The same day Hun Sen's nephew received an 18 month sentence for his role in the deaths
of three people, a construction worker was given four years in jail after allegedly
stealing 2,700 riel.
Nhim Sophea, the Prime Minister's 23-year-old relative, and laborer Kul Vinlay, 25,
were tried at Phnom Penh's Municipal Court on March 11, 2004.
Five months later, the Appeals Court exonerated Sophea. He was cleared of all charges
relating to a 2003 car crash and shooting that left three bystanders dead and four
Sophea's father told media last year that his son went travelling abroad after being
Vinlay also went to the Appeals Court, which reviewed his case in January and reduced
his sentence to three-and-a-half years. He remains in Prey Sar prison, awaiting a
decision from the Supreme Court.
Vinlay's supporters say his treatment was unjust.
"All the courts want is money, and if you don't pay, you go to jail," said
Vinlay's mother, Ty Neang. "If we weren't poor, my son would be free right now."
The UN Human Rights Office has followed Vinlay's case closely and reported that the
construction worker's experience highlights Cambodia's discriminatory judicial system.
Driving home from a party in October 2003, Sophea and his friends crashed into a
parked truck full of coconuts, killing a worker. When a crowd started to gather,
one member of the group grabbed an AK-47 from the car's trunk and opened fire, killing
Though reports from witnesses and investigating police named Sophea as the shooter,
the deaths were later blamed on Sam Doeun, a mysterious figure who is still at large.
A municipal court judge convicted Sophea on downgraded charges of involuntary manslaughter.
In August 2004 he was set free in a closed-door session of the Appeals Court.
Robbery charges brought against Vinlay resulted from an attack in June of 2001. The
Stung Meanchey resident and five other young men allegedly beat up a local couple
and made off with 2,700 riel. Neither of the victims was seriously injured.
Vinlay and his family claim he did not participate in the crime, and that he only
knew one of the assailants. They say Vinlay was walking to the market when the other
men invited him to join their group for a couple drinks.
All six then set out for the market together, Vinlay to purchase dessert and the
others to buy dog meat for their drinking session.
"He had no idea of what the others planned to do," said Cambodian Defenders
Project attorney Ke Cham Roeun, who represented Vinlay in the 2005 Appeals Court
hearing. "When they started beating, he shouted for them to stop."
At least one eyewitness, Stung Meanchey resident Sao Bundara, corroborated Vinlay's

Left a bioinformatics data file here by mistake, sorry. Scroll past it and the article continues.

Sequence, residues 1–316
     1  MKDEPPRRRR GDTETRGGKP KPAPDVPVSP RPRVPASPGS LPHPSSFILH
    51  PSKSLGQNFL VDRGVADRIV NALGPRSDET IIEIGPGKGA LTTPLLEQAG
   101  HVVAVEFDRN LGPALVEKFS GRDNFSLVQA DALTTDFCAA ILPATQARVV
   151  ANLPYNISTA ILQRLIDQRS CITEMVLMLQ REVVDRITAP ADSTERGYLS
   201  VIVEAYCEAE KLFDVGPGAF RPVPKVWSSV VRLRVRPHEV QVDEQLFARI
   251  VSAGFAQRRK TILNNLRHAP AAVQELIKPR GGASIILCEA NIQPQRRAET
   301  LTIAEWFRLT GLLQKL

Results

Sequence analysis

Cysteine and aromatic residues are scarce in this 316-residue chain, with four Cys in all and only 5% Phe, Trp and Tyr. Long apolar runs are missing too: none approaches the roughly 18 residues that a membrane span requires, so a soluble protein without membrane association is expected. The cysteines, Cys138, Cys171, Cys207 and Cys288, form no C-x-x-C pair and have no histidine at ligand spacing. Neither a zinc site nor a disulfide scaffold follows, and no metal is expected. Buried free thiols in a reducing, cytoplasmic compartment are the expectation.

story, but was never called to testify despite appearing at the March 2004 trial.
Bundara is currently in Poipet staying with relatives.
The Phnom Penh Municipal Court originally handed Vinlay a four-year sentence in absentia
March 14, 2002. When the construction worker was later arrested on January 14, 2004,
"we didn't even know what the charges were against him," his mother said.
Vinlay filed a complaint and was re-tried on the same day Sophea received his sentence,
although different judges presided over the two trials.
"I decided to uphold the original ruling," said Judge Kong Seth, who heard
Vinlay's case. "I didn't call some witnesses because most witnesses just take
Seth said he couldn't remember what investigating judge was assigned to the case,
even though court documents name him as the official. It is illegal in Cambodia for
one person to serve as both investigating and trial judge on the same criminal case.
During the 2004 trial, Neang charged, court clerk Keo Socheat offered to release
her son for a bribe of $1,000. When she said she only had $200, the deal fell through.
Neang filed separate complaints to the Minstry of Justice and Senate Human Rights
Commission. The ministry dismissed her charge, citing a lack of evidence, and Neang
has not received a response from the commission.
The clerk denied the accusation of corruption.
"Her charge is false; she just accuses me because her son went to jail,"
Socheat said. "I actually gave her money. She came to my office and I offered
her 5,000 riel for a motodop."
During Vinlay's Appeals Court hearing on January 4, 2005, once again no witnesses
for the defense gave testimony.
"I didn't think they looked at the case closely enough," said American
missionary Dale Jones, a family friend who came along for moral support. "The
hearing before [Vinlay's was complex, which] really frustrated the judges and might
have affected their willingness to patiently consider his case."
No date has been set for Vinlay's final appeal to the Supreme Court.
Various legal professionals interviewed by the Post were reluctant to comment on
the relative fairness of the two trials.
Meanwhile, Neang, a widow, struggles to care for her seven other children, who Vinlay
once helped support.
"I am so devastated, even if they shot me to death in the courtroom, I wouldn't
care," Neang said. "All this for 2,700 riel."